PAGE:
- a microorganism, especially when disease-producing; microbe.
- a bud, offshoot, or seed.
- the rudiment of a living organism; an embryo in its early stages.
- the initial stage in development or evolution, as a germ cell or ancestral form.
- something that serves as a source or initial stage for subsequent development: the germ of an idea.
- Pathology. of, relating to, or caused by disease-producing germs.
Origin of germ
SynonymsSee more synonyms on Thesaurus.com
Examples from the Web for germ
And despite years of speculation, nobody has proved Assad has any germ warfare capability at all.Western Intelligence Suspects Assad Has a Secret Chemical Stockpile
Noah Shachtman, Christopher Dickey
May 1, 2014
Until Melching's organization started its three-year training program, no one knew the basics of germ theory—or its link to HIV.Don't Cut These Girls
March 11, 2010
The germ of the novel was an article in The Guardian highlighting the 50 to 60 bodies pulled from the Thames every year.London's Dark Underworld
February 9, 2010
I am positive the germ count in the dugout alone could be classified as an occupational hazard.Why I'm Thrilled Baseball Is Over
November 6, 2009
Yet she did not know that she was crushing out the germ which might have grown in his heart.Ester Ried Yet Speaking
In that instant was planted the second germ of unhappiness in Hetty's bosom.Hetty's Strange History
There, in the family of Adam, is the germ of the rule in the tribe,--the state.Slavery Ordained of God
Rev. Fred A. Ross, D.D.
It implies a pre-existing something, inwrapped as a germ in its environment.Life: Its True Genesis
R. W. Wright
This germ is always in the blood of members of the same family.
- a microorganism, esp one that produces disease in animals or plants
- (often plural) the rudimentary or initial form of somethingthe germs of revolution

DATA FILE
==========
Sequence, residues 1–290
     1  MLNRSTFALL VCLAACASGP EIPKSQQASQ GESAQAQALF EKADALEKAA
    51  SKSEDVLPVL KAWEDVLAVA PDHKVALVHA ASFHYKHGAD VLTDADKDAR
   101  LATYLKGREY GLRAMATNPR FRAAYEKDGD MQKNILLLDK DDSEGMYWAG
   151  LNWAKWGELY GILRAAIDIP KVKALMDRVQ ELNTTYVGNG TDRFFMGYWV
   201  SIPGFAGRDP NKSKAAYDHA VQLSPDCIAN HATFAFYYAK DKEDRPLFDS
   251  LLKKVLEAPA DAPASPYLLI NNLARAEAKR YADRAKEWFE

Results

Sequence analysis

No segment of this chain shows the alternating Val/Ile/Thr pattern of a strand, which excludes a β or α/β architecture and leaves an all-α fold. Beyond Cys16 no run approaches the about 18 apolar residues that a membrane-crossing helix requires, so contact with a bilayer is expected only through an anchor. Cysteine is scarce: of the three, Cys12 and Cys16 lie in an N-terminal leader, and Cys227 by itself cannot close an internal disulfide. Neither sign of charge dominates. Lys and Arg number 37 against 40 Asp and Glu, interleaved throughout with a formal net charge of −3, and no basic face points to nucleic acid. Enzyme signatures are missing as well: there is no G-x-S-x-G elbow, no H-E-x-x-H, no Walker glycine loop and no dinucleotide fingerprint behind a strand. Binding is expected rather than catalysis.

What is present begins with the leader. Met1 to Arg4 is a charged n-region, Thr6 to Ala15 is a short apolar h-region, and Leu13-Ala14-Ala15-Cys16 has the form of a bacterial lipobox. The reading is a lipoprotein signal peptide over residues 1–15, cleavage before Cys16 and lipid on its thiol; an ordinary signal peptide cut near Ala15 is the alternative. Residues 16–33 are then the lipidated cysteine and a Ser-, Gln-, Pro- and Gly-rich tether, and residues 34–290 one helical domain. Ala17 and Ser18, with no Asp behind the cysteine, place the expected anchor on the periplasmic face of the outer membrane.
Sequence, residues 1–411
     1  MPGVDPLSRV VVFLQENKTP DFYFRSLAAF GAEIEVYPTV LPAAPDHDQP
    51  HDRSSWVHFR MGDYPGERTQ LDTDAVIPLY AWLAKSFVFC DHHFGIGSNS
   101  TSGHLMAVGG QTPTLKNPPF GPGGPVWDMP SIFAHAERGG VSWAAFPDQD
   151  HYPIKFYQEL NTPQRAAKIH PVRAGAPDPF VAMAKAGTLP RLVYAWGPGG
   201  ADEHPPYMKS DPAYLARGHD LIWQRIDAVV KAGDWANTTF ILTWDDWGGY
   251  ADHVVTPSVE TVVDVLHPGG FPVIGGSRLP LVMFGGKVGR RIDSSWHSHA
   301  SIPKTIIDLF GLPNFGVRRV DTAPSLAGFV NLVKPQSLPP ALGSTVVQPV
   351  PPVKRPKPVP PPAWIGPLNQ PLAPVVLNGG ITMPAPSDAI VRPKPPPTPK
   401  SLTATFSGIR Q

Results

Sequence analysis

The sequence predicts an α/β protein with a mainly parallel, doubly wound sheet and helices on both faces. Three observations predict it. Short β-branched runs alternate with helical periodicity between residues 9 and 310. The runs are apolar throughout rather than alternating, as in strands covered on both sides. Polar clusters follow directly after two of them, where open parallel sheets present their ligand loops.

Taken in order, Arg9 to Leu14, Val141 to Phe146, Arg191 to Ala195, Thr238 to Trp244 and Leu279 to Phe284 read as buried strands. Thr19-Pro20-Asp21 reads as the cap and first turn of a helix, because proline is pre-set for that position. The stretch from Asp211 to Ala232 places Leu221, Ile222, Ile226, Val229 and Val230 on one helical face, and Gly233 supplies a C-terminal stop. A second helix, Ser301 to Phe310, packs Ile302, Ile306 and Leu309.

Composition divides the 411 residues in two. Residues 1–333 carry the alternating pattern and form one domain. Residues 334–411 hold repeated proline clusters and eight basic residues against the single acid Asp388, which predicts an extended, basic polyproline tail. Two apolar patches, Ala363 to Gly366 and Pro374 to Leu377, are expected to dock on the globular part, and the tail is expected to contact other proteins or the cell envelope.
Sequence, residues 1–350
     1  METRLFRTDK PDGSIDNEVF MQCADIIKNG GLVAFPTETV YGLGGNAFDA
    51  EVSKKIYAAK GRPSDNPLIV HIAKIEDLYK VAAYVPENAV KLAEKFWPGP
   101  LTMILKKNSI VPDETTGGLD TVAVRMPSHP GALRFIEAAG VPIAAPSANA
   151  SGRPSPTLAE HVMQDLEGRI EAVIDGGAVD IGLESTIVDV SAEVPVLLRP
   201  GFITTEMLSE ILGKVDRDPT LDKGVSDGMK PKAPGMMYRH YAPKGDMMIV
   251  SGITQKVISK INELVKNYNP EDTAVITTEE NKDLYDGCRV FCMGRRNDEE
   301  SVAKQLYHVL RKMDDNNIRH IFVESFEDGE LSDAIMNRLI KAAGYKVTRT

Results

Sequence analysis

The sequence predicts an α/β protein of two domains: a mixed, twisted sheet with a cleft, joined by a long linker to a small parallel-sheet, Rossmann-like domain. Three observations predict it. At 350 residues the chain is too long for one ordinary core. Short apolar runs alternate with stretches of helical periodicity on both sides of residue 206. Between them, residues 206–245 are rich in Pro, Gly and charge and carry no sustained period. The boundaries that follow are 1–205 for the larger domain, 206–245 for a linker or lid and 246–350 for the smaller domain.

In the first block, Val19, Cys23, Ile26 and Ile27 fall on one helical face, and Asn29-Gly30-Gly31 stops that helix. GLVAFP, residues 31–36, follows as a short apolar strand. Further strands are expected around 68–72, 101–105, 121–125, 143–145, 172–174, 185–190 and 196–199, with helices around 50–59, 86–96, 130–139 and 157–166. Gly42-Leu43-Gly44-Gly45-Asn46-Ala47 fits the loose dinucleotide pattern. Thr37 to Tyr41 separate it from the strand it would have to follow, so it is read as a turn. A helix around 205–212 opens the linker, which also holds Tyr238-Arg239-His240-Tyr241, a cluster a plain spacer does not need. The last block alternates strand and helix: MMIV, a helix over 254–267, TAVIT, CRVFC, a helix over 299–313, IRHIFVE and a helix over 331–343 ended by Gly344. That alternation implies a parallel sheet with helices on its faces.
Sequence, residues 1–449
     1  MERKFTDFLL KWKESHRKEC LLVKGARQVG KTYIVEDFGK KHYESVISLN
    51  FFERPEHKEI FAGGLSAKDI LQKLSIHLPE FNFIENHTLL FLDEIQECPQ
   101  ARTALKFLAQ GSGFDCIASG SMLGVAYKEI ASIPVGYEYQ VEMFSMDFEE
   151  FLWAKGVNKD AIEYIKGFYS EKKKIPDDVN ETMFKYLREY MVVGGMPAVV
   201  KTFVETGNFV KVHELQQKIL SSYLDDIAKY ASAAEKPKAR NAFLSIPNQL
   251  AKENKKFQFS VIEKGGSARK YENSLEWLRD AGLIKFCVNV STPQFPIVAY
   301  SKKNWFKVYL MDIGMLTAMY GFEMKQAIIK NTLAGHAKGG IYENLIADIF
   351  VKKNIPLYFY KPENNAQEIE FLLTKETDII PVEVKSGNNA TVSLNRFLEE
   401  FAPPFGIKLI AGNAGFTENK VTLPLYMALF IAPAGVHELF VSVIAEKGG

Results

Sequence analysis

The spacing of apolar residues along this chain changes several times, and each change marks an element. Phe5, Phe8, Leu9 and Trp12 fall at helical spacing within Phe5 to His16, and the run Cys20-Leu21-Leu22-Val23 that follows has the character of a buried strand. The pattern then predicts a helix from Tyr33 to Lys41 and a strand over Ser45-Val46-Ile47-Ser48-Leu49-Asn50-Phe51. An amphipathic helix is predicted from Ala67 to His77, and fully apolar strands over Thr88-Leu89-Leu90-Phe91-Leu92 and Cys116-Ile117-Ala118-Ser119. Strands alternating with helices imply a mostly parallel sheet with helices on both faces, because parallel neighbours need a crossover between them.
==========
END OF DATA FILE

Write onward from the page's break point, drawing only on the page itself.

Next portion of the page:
- a simple structure, such as a fertilized egg, that is capable of developing into a complete organism
Word Origin and History for germ
mid-15c., "bud, sprout;" 1640s, "rudiment of a new organism in an existing one," from Middle French germe "germ (of egg); bud, seed, fruit; offering," from Latin germen (genitive germinis) "sprout, bud," perhaps from PIE root *gen- "to beget, bear" (see genus). The older sense is preserved in wheat germ and germ of an idea; sense of "seed of a disease" first recorded 1803; that of "harmful microorganism" dates from 1871. Germ warfare recorded from 1920.
- A small mass of protoplasm or cells from which a new organism or one of its parts may develop.
- A microorganism, especially a pathogen.
- A microscopic organism or agent, especially one that is pathogenic, such as a bacterium or virus.
Usage: The terms germ and microbe have been used to refer to invisible agents of disease since the nineteenth century, when scientists introduced the germ theory of disease, the idea that infections and contagious diseases are caused by microorganisms. Microbe, a shortening and alteration of microorganism, comes from the Greek prefix mikro-, small, and the word bios, life. Scientists no longer use the terms germ and microbe very much. Today they can usually identify the specific agents of disease, such as individual species of bacteria or viruses. To refer generally to agents of disease, they use the term pathogen, from the Greek pathos, suffering, and the suffix -gen, producer. They use microorganism to refer to any unicellular organism, whether disease-causing or not.